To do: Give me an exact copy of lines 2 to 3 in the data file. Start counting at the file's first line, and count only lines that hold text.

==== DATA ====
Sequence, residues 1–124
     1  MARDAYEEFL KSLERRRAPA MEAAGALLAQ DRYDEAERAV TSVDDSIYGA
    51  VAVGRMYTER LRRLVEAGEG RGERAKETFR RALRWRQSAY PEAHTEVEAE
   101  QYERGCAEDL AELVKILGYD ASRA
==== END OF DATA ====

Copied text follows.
     1  MARDAYEEFL KSLERRRAPA MEAAGALLAQ DRYDEAERAV TSVDDSIYGA
    51  VAVGRMYTER LRRLVEAGEG RGERAKETFR RALRWRQSAY PEAHTEVEAE